The emerging code of work, fuelled by the pandemic, calls for a cohesive, transparent, and digital ecosystem to streamline talent acquisition and promote employee satisfaction.
Do you remember “Po,” the famous character from the movie Kung Fu Panda? As much as you might have enjoyed the film (I certainly did), did you imagine a lovable, fluffy panda becoming the Dragon Warrior and bringing peace to the valley? To be honest, nobody did. Even in the movie, when Master Oogway announced Po as the dragon warrior, nobody, including Master Shifu (Oogway’ s disciple), believed the prophecy. The decision felt wrong and impossible. Yet, in time, Master Oogway’ s prophecy was fulfilled, and Po proved his worth as a brave yet compassionate warrior.
On similar lines, almost nobody will believe me when I say that traditional recruiting will die. Furthermore, organizations that rely solely on recruiters will struggle to find and nurture talent in the future. Yet, this scenario will come to pass. We have seen the indications all along.
Think about it – organizations have been working on strengthening the talent acquisition function for years. Yet, they haven’t succeeded despite having big staffing teams, creating separate functions for talent pooling or diversity and inclusions, and seeking extended support from boutique staffing vendors. Recruitment remains a $30 billion industry, and the reason is that everybody needs “good” and “on-time” talent. Unfortunately, the traditional recruitment model has failed to deliver. The emerging code of work, fuelled by the pandemic, calls for a cohesive, transparent, and digital ecosystem to streamline talent acquisition and promote employee satisfaction.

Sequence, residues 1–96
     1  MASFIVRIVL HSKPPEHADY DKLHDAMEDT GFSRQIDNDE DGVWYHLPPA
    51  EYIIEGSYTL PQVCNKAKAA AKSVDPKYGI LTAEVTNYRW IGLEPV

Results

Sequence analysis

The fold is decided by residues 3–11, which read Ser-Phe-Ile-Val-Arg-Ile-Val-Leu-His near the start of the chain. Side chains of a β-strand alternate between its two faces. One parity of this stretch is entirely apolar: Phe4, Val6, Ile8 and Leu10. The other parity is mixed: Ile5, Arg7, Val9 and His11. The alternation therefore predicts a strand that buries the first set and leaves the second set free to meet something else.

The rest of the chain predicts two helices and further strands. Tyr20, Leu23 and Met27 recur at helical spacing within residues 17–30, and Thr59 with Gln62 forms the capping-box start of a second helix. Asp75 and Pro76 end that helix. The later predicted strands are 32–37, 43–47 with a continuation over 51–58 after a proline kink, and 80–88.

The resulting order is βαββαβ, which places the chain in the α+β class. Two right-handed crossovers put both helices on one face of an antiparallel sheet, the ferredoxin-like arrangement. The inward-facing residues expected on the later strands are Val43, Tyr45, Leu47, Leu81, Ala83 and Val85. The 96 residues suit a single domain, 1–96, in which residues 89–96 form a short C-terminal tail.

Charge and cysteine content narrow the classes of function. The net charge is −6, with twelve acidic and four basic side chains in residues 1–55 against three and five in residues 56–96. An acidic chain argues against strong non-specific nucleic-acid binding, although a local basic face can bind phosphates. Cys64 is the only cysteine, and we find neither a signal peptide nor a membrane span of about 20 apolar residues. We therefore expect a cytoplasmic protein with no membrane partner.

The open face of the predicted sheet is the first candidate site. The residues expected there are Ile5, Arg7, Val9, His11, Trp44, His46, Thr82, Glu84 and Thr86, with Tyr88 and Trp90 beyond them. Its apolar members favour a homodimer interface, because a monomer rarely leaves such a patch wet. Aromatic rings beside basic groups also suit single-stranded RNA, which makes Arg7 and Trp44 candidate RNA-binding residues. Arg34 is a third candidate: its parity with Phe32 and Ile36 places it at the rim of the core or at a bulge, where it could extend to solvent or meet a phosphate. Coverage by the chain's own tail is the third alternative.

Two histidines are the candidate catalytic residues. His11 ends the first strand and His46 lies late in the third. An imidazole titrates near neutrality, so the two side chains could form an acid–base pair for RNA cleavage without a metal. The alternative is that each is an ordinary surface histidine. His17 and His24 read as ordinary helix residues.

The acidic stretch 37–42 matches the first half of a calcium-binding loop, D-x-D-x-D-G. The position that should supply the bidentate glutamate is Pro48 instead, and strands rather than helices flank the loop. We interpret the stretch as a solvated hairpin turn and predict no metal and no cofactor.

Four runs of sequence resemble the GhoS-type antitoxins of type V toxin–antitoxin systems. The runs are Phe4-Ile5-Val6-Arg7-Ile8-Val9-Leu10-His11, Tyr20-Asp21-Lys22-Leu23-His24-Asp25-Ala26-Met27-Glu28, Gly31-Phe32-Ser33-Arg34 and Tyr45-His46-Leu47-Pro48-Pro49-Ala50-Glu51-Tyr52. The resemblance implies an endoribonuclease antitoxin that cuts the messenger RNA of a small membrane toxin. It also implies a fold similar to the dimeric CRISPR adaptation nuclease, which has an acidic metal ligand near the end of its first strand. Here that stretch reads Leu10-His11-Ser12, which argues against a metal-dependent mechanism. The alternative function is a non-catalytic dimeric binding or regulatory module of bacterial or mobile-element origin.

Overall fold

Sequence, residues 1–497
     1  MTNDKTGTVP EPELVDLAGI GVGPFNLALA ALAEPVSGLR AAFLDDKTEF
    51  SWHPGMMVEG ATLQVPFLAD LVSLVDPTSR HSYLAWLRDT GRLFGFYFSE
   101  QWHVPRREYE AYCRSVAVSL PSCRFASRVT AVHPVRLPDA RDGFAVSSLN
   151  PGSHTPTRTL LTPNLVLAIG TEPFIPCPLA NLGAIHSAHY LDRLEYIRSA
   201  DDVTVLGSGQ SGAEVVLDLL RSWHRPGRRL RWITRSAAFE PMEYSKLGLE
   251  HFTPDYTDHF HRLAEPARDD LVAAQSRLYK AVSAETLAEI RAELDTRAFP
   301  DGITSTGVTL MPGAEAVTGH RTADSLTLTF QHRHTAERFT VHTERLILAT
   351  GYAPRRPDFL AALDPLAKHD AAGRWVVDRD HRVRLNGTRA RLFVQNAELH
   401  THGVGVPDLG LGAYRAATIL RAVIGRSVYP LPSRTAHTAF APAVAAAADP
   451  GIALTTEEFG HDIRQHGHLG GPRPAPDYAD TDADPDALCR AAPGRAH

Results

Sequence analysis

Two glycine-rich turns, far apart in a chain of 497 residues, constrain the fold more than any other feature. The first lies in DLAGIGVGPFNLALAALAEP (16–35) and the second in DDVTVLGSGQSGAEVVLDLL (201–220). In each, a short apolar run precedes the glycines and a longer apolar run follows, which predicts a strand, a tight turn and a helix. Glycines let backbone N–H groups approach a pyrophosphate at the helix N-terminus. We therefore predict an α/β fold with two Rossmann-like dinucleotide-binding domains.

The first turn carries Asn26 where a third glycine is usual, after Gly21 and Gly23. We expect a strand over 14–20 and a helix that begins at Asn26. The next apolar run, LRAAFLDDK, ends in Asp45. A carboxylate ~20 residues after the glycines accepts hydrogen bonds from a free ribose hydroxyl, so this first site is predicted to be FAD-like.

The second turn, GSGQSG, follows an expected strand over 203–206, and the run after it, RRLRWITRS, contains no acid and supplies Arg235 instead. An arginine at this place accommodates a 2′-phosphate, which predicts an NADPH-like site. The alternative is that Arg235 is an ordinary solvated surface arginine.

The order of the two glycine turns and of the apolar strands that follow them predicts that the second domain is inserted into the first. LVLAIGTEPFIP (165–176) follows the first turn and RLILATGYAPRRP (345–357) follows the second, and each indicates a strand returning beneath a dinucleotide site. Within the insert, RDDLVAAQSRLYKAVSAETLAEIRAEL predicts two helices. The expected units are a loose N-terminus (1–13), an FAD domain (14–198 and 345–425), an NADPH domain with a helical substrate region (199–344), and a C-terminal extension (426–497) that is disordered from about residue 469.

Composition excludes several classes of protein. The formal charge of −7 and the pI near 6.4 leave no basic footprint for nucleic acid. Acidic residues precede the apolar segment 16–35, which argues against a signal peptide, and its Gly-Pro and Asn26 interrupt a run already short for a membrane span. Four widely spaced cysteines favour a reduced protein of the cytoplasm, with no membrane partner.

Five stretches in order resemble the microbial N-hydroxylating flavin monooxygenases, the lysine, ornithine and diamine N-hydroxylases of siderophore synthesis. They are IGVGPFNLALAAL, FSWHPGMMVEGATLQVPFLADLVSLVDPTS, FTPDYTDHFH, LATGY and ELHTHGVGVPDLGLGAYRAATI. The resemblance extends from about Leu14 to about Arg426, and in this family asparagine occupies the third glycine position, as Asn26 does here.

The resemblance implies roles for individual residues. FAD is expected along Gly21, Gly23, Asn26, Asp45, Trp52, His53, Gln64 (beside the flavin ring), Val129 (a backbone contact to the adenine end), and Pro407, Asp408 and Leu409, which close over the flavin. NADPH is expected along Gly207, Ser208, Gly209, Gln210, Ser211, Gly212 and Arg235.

Here are some hiring trends to reinvent the recruiting function:
Recruiting AI Chatbot – The New Dragon Warrior
Well, not a panda, but an AI-powered chatbot is the future of the recruitment industry. The combination of AI and Natural Language Processing (NLP) can solve the majority of problems faced by Talent Acquisition Leaders – including the quagmire of finding “good” and “experienced” talent “on time.”
With advanced capabilities to crunch numbers and information across millions of data points, an AI-enabled recruiting platform can find suitable profiles within a second of crawling. A chatbot also takes over communication, providing real-time visibility to both the candidate and the hiring manager. From resume screening to interviewing and onboarding, the software can automatically handle all these functions while matching the suitable candidates to the right post for maximum productivity. Presently, several organizations are introducing these capabilities in their recruitment system through PeopleStrong’s Alt Recruit and Workday to see incremental results.
Focus on Recruitment Marketing
Traditionally, organizations have focused on job boards, job fairs, and other print media for attracting talent. However, local recruitment ads no longer cut when you have the option of hiring candidates from across the world. Instead, it’s better to focus on creating an employee-centric online presence by investing in a branding strategy for your organization. Become active in various social communities where your “ideal” candidates are likely to hang out to attract individuals that match your company’s vibe. Creating a separate function for recruitment marketing can help accelerate this process and even prove to be a turning point for your existing recruitment process.
Returning to Kung-Fu Panda, I’d like to quote something here. Master Shifu said, “If you only do what you can do, you will never be more than who you are right now.” I find this statement to be especially true for the recruiting space.